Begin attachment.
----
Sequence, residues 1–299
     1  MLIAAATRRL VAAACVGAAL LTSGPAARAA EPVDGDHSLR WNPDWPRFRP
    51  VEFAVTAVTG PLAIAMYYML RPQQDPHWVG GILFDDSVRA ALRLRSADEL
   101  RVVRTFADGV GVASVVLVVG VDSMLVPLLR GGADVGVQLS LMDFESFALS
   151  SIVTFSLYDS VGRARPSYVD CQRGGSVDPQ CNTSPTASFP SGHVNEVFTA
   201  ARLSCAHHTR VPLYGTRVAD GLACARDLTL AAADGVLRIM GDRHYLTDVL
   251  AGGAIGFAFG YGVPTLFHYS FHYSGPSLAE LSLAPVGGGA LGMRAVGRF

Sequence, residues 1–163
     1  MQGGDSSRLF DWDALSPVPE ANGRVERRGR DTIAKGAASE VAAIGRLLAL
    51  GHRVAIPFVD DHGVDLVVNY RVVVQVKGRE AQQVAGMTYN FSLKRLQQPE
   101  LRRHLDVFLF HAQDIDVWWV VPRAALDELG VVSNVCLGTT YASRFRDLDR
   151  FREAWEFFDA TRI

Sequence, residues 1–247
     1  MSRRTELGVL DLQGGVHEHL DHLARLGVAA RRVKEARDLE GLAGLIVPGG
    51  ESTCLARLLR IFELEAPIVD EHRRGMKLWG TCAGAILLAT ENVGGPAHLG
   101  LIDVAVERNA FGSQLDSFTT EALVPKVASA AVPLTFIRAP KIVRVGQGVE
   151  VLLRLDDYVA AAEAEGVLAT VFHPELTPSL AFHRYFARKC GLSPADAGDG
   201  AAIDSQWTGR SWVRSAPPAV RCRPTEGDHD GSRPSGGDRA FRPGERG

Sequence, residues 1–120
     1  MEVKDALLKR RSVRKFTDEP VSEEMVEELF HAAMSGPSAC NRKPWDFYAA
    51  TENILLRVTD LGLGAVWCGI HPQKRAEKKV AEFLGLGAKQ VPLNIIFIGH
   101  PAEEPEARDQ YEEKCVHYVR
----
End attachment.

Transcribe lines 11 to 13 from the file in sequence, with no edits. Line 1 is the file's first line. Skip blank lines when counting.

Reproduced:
   101  LRRHLDVFLF HAQDIDVWWV VPRAALDELG VVSNVCLGTT YASRFRDLDR
   151  FREAWEFFDA TRI

Sequence, residues 1–247